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Q. What is an ambigram?
A. It's a typographic or calligraphic design, word, or arrangement of letters that can be read from more than one direction or orientation.
Ambigrams come in many forms. The most common ambigrams are symmetrical, and include rotational (upside-down), bilateral (viewed in a mirror or from behind), chain (continuous words, such as in a circle or a spiral), and totem (vertical and mirror-image symmetry). Less common are asymmetrical ambigrams, which have more complicated characteristics.
You can see ambigrams on book covers, movie titles, logos, album covers, tattoos, jewelry, and motion graphics. Some are very legible, while others are more decorative in nature.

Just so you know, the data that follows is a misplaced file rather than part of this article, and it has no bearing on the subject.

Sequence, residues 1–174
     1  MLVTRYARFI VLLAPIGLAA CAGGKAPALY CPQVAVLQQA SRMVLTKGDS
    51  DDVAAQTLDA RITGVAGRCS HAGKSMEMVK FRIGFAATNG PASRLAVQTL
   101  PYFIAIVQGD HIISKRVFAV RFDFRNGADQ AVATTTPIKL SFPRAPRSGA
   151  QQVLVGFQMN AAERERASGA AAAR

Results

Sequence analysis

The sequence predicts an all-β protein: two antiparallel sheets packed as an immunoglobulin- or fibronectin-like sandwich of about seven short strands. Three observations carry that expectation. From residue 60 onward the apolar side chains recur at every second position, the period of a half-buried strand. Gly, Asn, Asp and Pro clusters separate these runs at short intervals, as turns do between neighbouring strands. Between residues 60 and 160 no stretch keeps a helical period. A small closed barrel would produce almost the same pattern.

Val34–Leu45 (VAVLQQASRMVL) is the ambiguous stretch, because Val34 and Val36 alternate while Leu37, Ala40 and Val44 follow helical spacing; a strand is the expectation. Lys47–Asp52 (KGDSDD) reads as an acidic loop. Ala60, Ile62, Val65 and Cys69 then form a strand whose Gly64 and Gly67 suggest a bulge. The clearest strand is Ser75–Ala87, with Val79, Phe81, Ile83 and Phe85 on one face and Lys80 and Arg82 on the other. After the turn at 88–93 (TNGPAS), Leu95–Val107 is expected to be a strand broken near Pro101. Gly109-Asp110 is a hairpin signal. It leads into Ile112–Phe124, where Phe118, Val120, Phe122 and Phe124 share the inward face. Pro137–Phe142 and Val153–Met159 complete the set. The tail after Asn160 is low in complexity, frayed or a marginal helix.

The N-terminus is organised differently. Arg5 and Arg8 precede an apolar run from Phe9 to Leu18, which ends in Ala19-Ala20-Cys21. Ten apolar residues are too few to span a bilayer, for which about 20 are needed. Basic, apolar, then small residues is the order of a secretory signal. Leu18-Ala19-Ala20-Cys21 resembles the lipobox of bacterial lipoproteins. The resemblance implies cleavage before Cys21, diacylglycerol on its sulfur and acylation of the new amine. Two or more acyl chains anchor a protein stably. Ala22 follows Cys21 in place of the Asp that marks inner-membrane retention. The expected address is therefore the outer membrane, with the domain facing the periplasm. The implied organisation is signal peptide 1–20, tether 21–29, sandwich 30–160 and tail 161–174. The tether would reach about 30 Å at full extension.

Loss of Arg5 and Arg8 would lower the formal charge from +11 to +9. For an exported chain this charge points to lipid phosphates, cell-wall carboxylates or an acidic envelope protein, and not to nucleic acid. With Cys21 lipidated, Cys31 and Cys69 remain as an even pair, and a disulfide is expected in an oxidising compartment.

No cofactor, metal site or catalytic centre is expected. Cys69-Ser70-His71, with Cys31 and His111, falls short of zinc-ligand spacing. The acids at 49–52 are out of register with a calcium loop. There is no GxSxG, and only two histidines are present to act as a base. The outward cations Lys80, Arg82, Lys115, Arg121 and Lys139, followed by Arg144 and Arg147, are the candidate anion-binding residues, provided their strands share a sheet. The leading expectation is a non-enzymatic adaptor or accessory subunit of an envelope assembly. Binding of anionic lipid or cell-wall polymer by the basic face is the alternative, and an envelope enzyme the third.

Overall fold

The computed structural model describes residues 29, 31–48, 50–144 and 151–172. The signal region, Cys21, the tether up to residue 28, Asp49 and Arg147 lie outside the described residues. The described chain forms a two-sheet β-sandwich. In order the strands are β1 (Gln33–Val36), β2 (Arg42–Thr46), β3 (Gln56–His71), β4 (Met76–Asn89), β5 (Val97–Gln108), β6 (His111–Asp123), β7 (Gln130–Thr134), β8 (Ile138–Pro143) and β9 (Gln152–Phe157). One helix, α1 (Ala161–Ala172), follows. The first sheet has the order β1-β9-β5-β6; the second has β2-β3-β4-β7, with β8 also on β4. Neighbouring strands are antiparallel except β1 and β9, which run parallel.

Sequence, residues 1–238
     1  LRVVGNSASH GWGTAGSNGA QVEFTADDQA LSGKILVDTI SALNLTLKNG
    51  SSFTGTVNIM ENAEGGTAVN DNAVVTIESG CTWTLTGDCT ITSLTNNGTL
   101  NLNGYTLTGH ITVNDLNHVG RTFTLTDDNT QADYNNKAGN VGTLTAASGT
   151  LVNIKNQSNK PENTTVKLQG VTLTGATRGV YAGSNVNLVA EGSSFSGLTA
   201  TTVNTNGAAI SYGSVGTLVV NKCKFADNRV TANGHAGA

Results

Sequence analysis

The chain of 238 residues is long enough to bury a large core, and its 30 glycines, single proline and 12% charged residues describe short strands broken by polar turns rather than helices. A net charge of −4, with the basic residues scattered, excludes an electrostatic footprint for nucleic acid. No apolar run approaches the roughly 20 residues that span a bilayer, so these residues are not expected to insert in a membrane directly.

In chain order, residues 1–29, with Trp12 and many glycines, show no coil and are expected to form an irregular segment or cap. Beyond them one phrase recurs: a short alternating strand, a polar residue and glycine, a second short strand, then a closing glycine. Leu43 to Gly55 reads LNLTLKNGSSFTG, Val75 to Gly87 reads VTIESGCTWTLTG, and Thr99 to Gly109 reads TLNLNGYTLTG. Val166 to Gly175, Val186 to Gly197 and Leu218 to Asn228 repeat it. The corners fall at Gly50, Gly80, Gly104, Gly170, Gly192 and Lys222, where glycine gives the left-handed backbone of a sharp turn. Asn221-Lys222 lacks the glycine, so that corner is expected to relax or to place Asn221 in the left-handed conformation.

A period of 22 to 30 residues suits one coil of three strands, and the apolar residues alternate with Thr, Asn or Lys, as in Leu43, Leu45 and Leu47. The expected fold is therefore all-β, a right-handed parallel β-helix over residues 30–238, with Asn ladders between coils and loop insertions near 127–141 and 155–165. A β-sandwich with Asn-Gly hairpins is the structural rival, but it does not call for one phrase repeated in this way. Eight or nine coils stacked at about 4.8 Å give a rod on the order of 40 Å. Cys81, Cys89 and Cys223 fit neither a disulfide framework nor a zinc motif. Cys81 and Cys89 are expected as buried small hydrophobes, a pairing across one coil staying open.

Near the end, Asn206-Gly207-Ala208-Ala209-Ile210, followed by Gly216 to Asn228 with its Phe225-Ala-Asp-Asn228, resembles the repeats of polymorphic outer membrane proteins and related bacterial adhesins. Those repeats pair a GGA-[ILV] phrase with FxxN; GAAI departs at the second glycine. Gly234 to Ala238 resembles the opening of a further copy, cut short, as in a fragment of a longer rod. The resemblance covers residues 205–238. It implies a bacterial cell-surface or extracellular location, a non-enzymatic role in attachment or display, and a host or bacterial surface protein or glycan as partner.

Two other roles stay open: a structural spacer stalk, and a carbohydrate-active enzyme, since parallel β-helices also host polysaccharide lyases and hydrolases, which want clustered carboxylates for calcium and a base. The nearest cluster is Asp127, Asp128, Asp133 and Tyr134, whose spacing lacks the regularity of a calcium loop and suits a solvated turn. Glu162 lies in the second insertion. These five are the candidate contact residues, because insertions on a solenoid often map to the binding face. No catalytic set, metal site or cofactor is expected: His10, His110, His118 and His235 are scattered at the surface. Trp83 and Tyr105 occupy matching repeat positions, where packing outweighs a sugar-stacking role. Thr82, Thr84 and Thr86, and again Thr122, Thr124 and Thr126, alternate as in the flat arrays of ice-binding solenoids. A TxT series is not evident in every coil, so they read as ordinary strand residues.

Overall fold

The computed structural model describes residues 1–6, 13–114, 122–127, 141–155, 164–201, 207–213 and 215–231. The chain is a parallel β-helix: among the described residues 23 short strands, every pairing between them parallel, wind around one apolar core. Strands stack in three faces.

The work of John Langdon. On the left, the cover of the first edition of Angels & Demons, by Dan Brown. The ambigram on the right (Ann & John) was done for friends.
Langdon did this ambigram on spec for the city of Philadelphia in 2000.
More by John Langdon.
This ambigram was designed by Mark Simonson for a tattoo. Simonson says, “Ambigrams are partly luck, partly skill. I feel lucky it turned out as well as it did. I hate to think of someone permanently dyeing their skin with a design that didn’t quite work.”
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